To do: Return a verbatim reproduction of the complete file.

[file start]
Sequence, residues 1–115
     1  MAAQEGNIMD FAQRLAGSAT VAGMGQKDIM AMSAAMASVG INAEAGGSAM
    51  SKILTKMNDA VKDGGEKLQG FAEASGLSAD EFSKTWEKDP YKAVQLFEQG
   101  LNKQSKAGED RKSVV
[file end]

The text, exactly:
Sequence, residues 1–115
     1  MAAQEGNIMD FAQRLAGSAT VAGMGQKDIM AMSAAMASVG INAEAGGSAM
    51  SKILTKMNDA VKDGGEKLQG FAEASGLSAD EFSKTWEKDP YKAVQLFEQG
   101  LNKQSKAGED RKSVV